Using Gestalt principles and the psychology of subconscious grouping can help you reduce visual clutter in your home without donating a single thing.
When we enter a home or even a room, we either feel peace or as if something is off — even if we cannot articulate why. Do you feel that way in your own home?
What if I told you that there is a possibility that your home will feel cluttered, no matter how much you minimize?
If it feels like you're constantly dropping off donation boxes and you cannot seem to find the finish line, it might be time to try a different tactic.
Unclutter With Gestalt Principles
Hello, I'm your brain.
Stop ignoring me.
While reducing clutter in your home is a great first step, having a peaceful home requires us to stop ignoring the psychology of groupings and design.
Using principles based on studies of the brain and neurological research you can reduce clutter without getting rid of a single thing.
The Gestalt principles below focus on how our minds organize and interpret visual data (1), including the clutter within our homes.
MEMBERS-ONLY: In the UnBusy Collective, we're doing a deep dive and learning about how to unclutter "for the mind" using the Gestalt Laws of Perceptual Organization. Get a sneak peek of some of the topics we're discussing below.
*Are you ready to opt-out of overwhelm? Join us and reset your home, habits, and life to make space for simple living.
What is Gestalt Psychology?
The foundational principles of Gestalt psychology explain how our mind groups things. A core tenant of Gestalt theory is holism, or the concept that the whole is greater than the sum of its parts (3).
In other words, our brains are constantly looking for patterns and groupings. Our minds do not focus on small visual details when trying to make sense of what we see in our homes (and in the world).
Gestalt psychology suggests that our brains prefer to group objects together and subconsciously simplify.
You can quickly see how understanding the basic Gestalt principles can be a powerful opportunity to reduce visual clutter in your home!
History and Current Uses of Gestalt Principles
In the early 1900s, German psychologists Immanuel Kant, Ernst Mach, and Johann Wolfgang von Goethe (2) influenced the development laws to explain how our minds group smaller objects to form larger ones (perceptual organization). They called this set of rules the Gestalt principles.
The German term gestalt roughly means "configuration" or how elements (or things) are patterned, placed, or put together to form a whole. There is no exact equivalent for the term in English.
While the foundation of Gestalt psychology dates back to 1912, there are still many current uses today. You can see the influences of Gestalt principles in therapy, graphic design, and product development.
Using Gestalt Principles To Create a Peaceful Home
Gestalt principles are also widely used and celebrated in today's world within User Experience (or UX) Website Design.
Just like with UX design, we can use Gestalt principles to focus on making the "user experiences" in our homes memorable. UX design would suggest...
Your guests and family will forget "the stuff" in your house, but they will always remember how your home made them feel.
Remember how we spoke about how when we enter a room, we either feel peace or as if something is off — even if we cannot articulate why?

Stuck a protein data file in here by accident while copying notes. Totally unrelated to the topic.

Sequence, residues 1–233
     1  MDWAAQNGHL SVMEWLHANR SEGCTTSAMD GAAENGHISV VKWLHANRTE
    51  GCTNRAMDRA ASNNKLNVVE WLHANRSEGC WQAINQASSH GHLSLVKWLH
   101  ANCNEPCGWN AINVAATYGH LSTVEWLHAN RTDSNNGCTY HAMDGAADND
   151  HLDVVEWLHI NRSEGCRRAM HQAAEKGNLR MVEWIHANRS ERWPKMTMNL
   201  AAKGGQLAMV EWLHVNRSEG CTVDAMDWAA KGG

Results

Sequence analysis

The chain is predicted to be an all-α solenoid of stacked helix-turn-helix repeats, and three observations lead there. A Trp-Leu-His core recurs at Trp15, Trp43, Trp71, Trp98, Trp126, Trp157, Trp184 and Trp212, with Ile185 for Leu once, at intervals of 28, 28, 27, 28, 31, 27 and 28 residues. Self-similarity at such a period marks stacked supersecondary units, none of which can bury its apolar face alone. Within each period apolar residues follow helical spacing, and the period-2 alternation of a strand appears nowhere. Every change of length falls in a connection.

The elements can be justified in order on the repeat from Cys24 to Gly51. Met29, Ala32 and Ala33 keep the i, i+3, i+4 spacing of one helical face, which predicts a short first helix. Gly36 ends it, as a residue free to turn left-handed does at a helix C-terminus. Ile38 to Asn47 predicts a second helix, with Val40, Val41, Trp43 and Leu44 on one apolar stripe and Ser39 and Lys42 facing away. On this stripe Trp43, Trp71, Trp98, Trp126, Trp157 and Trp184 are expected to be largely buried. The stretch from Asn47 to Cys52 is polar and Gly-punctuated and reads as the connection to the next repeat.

If you've already done a massive amount of donations and your home still feels cluttered, understanding the Gestalt principles might help you create a better experience or the feeling you crave in your home!
The 7 Principles of Gestalt Psychology
Some of the most important principles of Gestalt theory are:
- Law of Prägnanz (sometimes referred to as the Law of Simplicity)
- Law of Common Regions
- Law of Proximity
- Law of Similarity
- Law of Closure
- Law of Uniformed Connectedness
- Law of Parallelism
Learn about the seven principles below and how you can purposefully use each one within your home to reduce visual clutter, create connection, or live intentionally.
QUICK NOTE: The photos sourced below are to help visually explain the Gestalt principles. You don't need to have (or want!) a Pinterest-Perfect Home to put these "purposeful tips" into practice.
*Want to see photos of real everyday uncluttering? Join the UnBusy Collective to connect with women with perfectly-imperfect homes coming together to find ways to simplify. You are not alone on this journey.
Strategies For Resetting Your Home & Life
If you found these Gestalt principles to be helpful, be sure to check out the UnBusy Collective. Each month, the group covers out-of-the-box strategies for simplifying.
If decluttering has become yet another thing on your to-do list, you've strayed too far from your original goal — a simple life.
It is easy to get wrapped up in a less is more mentality. If you're not Purposefully Uncluttering, minimalism can feel like another "keeping up with the Joneses" measuring stick.
Here's a harsh truth, my friend — when you busy yourself with mindlessly decluttering, you've artfully created a constant distraction that prevents you from seeing how truly ineffective it is…
Deep down, you've always known that real change will require more than cookie-cutter decluttering lists. If resetting your house was as easy as reading the right home hacks, you'd be done by now.
Get back on track with your intentional living goals and reset your home, habits, and life with the UnBusy Reset course and community membership!
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Gestalt Principles Sources
- Vezzani, S, Marino, BF, Giora, E. An early history of the Gestalt factors of organization.
- Bonacchi S, Czerniak S. Introduction: Gestalt as structure principles in science, art and language.
- Jäkel F, Singh M, Wichmann FA, Herzog MH. An overview of quantitative approaches in Gestalt perception.